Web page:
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Duke men's basketball suffers abysmal shooting night against Syracuse zone

<p>Jack White, normally one of Duke's go-to spot up shooters, failed to make a single field goal all evening.</p>

Jack White, normally one of Duke's go-to spot up shooters, failed to make a single field goal all evening.

Saturday, Cam Reddish knocked down a last-second 3-pointer to lift the Blue Devils to victory against Florida State in Tallahassee, Fla. 

Monday, however, Reddish was ruled out just before game time with flu-like symptoms and Duke suffered beyond the arc against Syracuse.

The Blue Devils faced the Orange and coach Jim Boeheim’s vaunted 2-3 zone, designed to overwhelm opponents with long limbs and cut off driving lanes to the basket. Despite a few of Zion Williamson’s and R.J. Barrett’s bulldozing drives to the basket, Duke largely settled for outside shots and was unable to knock them down, finishing the game shooting just 20.9 percent from downtown.

“We couldn’t make shots,” Barrett said. “Zion put up 34 right in the middle of the zone. We can score against it, just messing up the shots.”

Syracuse has made it a staple of its defensive strategy to force teams out away from the basket, and this strategy is particularly effective against the likes of Duke. The Blue Devils possess several players with elite athleticism but lack consistent outside shooting, ranking 235th nationally in 3-point percentage. 

Duke generated numerous good looks but was simply unable to convert at crucial moments to keep the visiting team at bay, including missing several wide open triples down the stretch and in overtime. Barrett had a particularly difficult time from the 3-point line, going 4-for-17.

“We had open shots that were threes,” Krzyzewski said. “They were clogging the lane, so I don’t fault my guys for that. It’s not a game plan, it’s what’s there.”

The Blue Devils were forced out of their normal offensive rhythm early on when starting point guard Tre Jones was injured partway through the first half and left the game with a shoulder sprain. Jones has been a revelation this year, particularly defensively, but has also been instrumental in initiating Duke’s offense, as the Apple Valley, Minn., native leads the country in assist-to-turnover ratio. 

“The game plan was to have Tre Jones and Cam Reddish,” Krzyzewski said. “When you get two guys hurt and injured, there is no game plan anymore. It’s a period of adjustment and adaptability throughout, so you’re trying to figure out ways to win.”

The lack of offensive fluidity become particularly apparent in the second half and overtime, when the Blue Devils shot a combined 29 3-pointers, finishing the game with 43 attempts. With Reddish, one of Duke’s best outside shooters, sidelined, the perimeter shooting burden fell on Duke's role players.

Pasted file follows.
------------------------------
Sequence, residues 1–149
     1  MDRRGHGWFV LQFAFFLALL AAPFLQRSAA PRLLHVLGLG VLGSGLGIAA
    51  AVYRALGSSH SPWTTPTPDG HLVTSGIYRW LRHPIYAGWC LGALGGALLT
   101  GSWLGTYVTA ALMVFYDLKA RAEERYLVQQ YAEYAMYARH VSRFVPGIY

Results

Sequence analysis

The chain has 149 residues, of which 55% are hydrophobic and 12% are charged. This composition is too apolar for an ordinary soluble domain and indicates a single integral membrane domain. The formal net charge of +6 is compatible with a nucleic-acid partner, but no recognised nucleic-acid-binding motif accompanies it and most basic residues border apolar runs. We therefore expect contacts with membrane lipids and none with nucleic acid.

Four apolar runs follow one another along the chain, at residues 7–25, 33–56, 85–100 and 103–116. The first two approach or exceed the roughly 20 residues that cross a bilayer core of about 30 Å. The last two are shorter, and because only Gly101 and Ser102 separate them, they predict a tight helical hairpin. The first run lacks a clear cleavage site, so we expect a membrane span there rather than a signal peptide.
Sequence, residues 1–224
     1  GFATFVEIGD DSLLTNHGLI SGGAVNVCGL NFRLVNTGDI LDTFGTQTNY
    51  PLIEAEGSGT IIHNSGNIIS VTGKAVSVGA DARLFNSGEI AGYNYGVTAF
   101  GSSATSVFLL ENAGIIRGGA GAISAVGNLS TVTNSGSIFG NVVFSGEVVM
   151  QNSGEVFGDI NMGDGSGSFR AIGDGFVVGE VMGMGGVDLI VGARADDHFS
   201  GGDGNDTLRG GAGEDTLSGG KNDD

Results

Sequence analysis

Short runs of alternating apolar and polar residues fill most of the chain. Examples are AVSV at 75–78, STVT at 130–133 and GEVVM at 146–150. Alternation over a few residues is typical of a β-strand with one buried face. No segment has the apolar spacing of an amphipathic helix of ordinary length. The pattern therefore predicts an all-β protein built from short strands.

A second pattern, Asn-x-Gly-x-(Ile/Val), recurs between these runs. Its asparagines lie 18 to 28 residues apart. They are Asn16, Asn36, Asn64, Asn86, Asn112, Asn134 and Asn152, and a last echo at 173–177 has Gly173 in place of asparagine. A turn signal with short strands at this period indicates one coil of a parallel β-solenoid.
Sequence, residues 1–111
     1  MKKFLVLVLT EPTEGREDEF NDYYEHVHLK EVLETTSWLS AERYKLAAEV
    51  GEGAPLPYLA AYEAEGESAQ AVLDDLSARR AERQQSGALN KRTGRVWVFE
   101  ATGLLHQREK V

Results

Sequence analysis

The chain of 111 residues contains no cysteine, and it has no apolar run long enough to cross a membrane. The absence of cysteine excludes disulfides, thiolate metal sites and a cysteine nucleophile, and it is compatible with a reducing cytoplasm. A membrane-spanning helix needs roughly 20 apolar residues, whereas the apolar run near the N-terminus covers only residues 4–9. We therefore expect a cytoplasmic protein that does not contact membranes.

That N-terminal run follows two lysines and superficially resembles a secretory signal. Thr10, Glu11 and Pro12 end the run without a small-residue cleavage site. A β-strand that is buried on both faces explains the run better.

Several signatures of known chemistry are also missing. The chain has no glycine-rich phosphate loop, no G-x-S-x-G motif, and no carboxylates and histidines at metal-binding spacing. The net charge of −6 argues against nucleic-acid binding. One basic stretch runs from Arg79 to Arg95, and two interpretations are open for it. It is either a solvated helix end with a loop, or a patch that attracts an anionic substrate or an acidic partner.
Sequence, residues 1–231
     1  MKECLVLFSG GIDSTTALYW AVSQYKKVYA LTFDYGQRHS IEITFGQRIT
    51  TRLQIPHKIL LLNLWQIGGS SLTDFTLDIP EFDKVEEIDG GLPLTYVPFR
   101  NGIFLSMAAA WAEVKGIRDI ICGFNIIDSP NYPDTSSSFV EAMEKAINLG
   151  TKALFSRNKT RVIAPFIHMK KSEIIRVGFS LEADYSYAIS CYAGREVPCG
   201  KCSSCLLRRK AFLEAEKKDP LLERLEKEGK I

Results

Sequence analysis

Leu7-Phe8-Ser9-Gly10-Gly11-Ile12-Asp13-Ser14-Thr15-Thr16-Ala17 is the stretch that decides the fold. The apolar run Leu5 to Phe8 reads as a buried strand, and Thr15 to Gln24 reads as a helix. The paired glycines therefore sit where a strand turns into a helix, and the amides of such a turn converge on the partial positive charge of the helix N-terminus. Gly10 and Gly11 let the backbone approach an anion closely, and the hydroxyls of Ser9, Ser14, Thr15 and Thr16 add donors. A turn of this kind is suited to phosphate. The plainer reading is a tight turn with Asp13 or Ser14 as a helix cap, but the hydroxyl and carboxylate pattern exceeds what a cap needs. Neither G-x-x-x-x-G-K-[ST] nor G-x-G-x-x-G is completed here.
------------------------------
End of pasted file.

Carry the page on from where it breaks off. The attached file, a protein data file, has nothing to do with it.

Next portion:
Jack White, who made his first start as a Blue Devil in place of Reddish, finished 0-of-10 beyond the arc.

The lone bright spot on the night was Alex O’Connell, who played heavy minutes and was the one Duke player able to shoot effectively from the perimeter, going 4-for-8. He was able to find open looks and knock them down consistently, earning the respect of the zone defense and helping to generate shots for others. The sophomore finished as the Blue Devils’ third-leading scorer with 16 points. 

“I saw it going in and started feeling confident and getting a little bit looser,” O’Connell said. “I was ready to step up because I knew Tre was hurt and Cam wasn’t feeling good. I had to make sure I could make the most of my play tonight.”

It is also likely that O’Connell will see an uptick in his playing time if Jones is forced to miss more games with his injury, which could bring another shooting threat to the floor.

While Duke still possesses two of the most devastating one-on-one scorers in the country with Williamson and Barrett, the road ahead may not be easy if the Blue Devils do not find some semblance of consistency from the perimeter. 

Duke’s next game comes Saturday against No. 4 Virginia, another team built around an elite defense designed to cut off penetration and force teams into long shots. The Cavaliers have the second best defensive efficiency in the country and have allowed over 60 points just twice behind their pack-line defense. They will look to deny Williamson and Barrett easy lanes to the basket and instead force those two to beat them from the perimeter. 

Reddish seems likely to return for Saturday’s matchup, which would give Duke another shooter. But Virginia poses a challenge for even the most perimeter-oriented teams, and the Cavaliers were the only team to beat the Blue Devils at Cameron Indoor Stadium last season.


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